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on 29 July 2014
Despite a decent plot (involving murder, witchcraft, "unnatural" lusts and adultery), a novel (no pun intended) setting and likeable central characters, I had a real struggle finishing this book.

Firstly, presumably for the sake of providing a sense of authenticity, the author has the characters speaking in a kind of Shakespearean style language, the more so as the book progressed (or perhaps I only noticed it the further into the book I got). For me, this is completely unnecessary (we know when the story is set and a feel of authenticity is given by frequent reference to the lifestyles and worldviews of the characters in the story) and simply makes the book difficult to read.

Secondly, and most noticeably (and presumably as part of the search for authenticity), the author uses a lot of archaic Scottish words many of which are not in the Kindle dictionary, so you have to guess their meaning from the context. This makes the book even more difficult to read.

Lastly, apart from the specific criticisms raised above, I found the author's style heavy-handed. At times it felt to me like she thought she was writing great literature, using quite poetical language or imagery to describe settings or scenes, which actually made it quite difficult to picture what she was actually trying to describe.

An author's style is very much a matter of personal taste, but I struggled with this book despite it having a good storyline and despite the fact that I read quite a bit of historical crime fiction. I was torn between two stars (style) and three stars (content) but in the end content won over style.
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on 21 May 2011
Found this so gripping a read that I was able to ignore successfully a very noisy group of teenagers on the train up to London. Loads of fascinating historical detail included quite naturally with a fascinating look at how epilepsy was viewed and treated in 16th C Scotland.
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on 27 April 2016
It is 1579, and the boy-king James VI sits on the Scottish throne, unsure of his power and surrounded by scheming advisors. Destined to unite the crowns of Scotland and England in his royal person, how will he survive these turbulent years and become master of Britain?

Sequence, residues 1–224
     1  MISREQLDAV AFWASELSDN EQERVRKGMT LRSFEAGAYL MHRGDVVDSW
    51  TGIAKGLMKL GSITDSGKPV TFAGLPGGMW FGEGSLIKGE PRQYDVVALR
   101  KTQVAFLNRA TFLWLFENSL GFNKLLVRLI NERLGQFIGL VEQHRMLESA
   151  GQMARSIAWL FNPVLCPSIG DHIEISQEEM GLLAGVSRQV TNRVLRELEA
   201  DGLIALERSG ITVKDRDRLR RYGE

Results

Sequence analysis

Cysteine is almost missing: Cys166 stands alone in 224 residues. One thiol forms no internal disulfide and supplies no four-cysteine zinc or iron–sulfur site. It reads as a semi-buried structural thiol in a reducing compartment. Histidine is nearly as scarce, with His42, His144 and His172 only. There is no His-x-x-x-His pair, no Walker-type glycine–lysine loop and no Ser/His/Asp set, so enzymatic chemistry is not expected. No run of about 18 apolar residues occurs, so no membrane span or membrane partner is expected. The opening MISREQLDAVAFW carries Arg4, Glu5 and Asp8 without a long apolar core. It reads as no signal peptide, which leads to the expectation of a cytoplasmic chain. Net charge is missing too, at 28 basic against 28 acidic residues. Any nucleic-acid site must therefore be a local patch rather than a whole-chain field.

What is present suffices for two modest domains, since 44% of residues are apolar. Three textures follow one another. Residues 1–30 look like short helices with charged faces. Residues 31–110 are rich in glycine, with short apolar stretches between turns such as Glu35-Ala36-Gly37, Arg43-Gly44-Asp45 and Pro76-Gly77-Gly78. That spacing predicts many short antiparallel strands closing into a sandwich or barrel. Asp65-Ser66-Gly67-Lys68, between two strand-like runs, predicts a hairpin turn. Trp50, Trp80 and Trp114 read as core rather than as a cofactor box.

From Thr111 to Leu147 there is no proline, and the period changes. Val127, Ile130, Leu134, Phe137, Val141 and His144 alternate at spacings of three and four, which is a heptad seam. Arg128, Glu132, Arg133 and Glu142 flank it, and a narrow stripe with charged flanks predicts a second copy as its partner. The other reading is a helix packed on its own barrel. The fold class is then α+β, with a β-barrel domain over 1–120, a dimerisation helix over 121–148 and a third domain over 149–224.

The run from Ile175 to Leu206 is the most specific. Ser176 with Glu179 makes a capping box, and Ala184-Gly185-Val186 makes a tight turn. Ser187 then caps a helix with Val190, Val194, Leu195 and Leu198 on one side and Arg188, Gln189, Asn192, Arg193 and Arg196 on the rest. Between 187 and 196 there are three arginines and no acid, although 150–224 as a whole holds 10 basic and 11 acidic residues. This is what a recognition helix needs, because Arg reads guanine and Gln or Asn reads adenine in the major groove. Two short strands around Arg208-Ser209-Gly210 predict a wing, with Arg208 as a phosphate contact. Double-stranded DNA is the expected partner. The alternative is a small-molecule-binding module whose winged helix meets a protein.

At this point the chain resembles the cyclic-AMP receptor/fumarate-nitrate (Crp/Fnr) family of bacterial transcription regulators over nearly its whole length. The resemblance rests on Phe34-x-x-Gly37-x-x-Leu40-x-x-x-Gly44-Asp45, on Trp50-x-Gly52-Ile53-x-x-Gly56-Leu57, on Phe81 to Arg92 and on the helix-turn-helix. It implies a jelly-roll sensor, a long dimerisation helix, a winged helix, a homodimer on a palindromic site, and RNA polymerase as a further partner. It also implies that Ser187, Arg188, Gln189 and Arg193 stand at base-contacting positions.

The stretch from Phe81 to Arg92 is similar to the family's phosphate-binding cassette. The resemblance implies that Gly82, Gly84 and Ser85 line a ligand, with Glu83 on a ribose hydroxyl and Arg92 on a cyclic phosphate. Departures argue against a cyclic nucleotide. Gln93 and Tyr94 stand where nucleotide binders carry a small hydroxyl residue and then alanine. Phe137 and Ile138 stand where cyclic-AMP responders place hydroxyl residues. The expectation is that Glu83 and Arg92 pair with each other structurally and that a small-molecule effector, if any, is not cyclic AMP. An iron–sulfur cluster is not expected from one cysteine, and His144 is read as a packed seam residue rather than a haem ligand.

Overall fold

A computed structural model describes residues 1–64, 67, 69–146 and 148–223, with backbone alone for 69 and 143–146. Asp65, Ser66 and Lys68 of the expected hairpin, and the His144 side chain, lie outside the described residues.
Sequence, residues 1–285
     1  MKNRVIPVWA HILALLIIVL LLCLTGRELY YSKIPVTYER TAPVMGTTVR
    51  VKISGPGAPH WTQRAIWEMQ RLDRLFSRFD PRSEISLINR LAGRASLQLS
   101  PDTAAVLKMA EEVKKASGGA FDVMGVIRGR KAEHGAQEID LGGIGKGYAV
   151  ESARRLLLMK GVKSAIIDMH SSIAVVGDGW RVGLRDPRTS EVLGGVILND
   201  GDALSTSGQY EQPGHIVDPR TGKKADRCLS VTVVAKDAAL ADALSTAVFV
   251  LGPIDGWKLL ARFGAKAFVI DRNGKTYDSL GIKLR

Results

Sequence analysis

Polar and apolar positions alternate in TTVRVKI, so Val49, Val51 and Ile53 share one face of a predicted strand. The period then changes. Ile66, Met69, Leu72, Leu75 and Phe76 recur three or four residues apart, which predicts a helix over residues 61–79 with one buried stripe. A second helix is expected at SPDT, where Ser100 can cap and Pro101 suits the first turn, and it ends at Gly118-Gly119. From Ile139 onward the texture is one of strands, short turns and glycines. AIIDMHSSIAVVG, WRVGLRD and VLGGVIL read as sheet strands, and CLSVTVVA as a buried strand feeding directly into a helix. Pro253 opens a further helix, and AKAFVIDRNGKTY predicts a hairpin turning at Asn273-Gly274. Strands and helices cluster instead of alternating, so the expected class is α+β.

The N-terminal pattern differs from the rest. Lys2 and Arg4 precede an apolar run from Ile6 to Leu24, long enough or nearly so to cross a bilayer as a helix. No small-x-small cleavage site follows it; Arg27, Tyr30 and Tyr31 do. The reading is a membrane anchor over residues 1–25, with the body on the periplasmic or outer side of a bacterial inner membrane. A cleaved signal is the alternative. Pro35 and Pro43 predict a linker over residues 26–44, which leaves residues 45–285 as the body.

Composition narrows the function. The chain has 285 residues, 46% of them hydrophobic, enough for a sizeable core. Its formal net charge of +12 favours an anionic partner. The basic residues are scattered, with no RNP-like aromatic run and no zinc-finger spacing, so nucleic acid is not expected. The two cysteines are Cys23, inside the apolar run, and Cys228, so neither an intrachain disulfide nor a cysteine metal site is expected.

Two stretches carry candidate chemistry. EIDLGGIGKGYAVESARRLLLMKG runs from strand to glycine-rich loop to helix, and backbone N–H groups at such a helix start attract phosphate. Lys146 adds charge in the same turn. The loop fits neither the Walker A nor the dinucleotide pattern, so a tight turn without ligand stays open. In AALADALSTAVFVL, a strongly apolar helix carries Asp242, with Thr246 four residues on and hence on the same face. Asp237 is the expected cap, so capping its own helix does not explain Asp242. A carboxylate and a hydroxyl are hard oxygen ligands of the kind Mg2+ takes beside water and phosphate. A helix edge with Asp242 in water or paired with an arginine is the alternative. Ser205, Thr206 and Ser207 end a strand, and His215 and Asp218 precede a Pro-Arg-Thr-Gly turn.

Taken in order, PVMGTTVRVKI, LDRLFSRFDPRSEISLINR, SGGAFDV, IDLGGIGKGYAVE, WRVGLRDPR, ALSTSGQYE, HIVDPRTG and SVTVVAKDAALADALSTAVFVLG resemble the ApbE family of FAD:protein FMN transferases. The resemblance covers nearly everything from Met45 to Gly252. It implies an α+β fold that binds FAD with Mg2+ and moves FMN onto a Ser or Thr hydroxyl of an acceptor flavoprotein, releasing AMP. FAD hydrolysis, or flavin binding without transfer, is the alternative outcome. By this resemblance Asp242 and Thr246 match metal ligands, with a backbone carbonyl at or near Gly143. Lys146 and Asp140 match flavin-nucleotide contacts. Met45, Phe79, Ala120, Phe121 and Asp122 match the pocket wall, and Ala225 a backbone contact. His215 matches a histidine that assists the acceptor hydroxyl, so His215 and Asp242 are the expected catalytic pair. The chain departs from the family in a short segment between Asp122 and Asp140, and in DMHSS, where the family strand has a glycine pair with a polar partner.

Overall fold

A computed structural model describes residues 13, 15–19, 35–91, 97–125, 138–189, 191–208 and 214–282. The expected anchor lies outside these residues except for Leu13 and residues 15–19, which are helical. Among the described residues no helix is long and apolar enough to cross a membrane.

Well, if you’re looking for courtly intrigue and the affairs of state writ large you should search elsewhere, because this novel’s all about the student lawyer Hew Cullan and his exploits in sixteenth century Scotland. This might not be a common setting in fiction, but Shirley McKay draws on her impressive knowledge of the period to bring the town of St. Andrews and its surroundings to life, giving the reader a compelling look into the lives of ordinary people of the sixteenth century.

Hue & Cry opens with Hew coming back home after six years spent studying the law in Paris to find Scotland at once familiar and yet new. This feeling of disconnection coincidentally mirrors that of the average reader, and at first the book is a confusing barrage of early modern Scots dialect, new characters, and antique social institutions. But it’s not long before you start to become familiar with the cast, their speech, and their motivations, and that’s when the book starts to draw you in.

The main character is Hew, a young man trained in the law but reluctant to choose it as his profession. His disgust at the cruel punishments of the day and his commitment to truth make him recoil from the thought of courtroom jousting with lives at stake (quite literally as it turns out), and also make him a protagonist sympathetic to modern sensibilities. Other characters are similarly well-drawn, from Hew’s at first unfamiliar and estranged family to the friends and enemies he makes in St. Andrews.

The plot unfolds organically and cleverly, with just enough time for the reader to acclimatise to Scotland before Hew finds himself dragged into an investigation into the murder of a young scholar that his friend Nicholas has been blamed for. The mystery of who killed thirteen year-old Alexander Strachan and why is slowly revealed as what at first appears to be an open-and-shut case becomes more and more complicated and far-reaching. Subplots abound, from industry and trade through romance, forbidden love, and corruption, to the power of the Kirk.

I’ve got to admit that Hue & Cry takes a bit of effort to get into, but once over that initial hurdle this is an incredibly rewarding book. The characters are believable and the central mystery builds to a satisfying conclusion. And for people who really want to know about James I and VI, the king himself makes an appearance towards the end of the novel, with hints that Hew Cullan will find his fate bound to his monarch’s in the later books of the series.

David

Breakaway Reviewers received a copy of the book to review.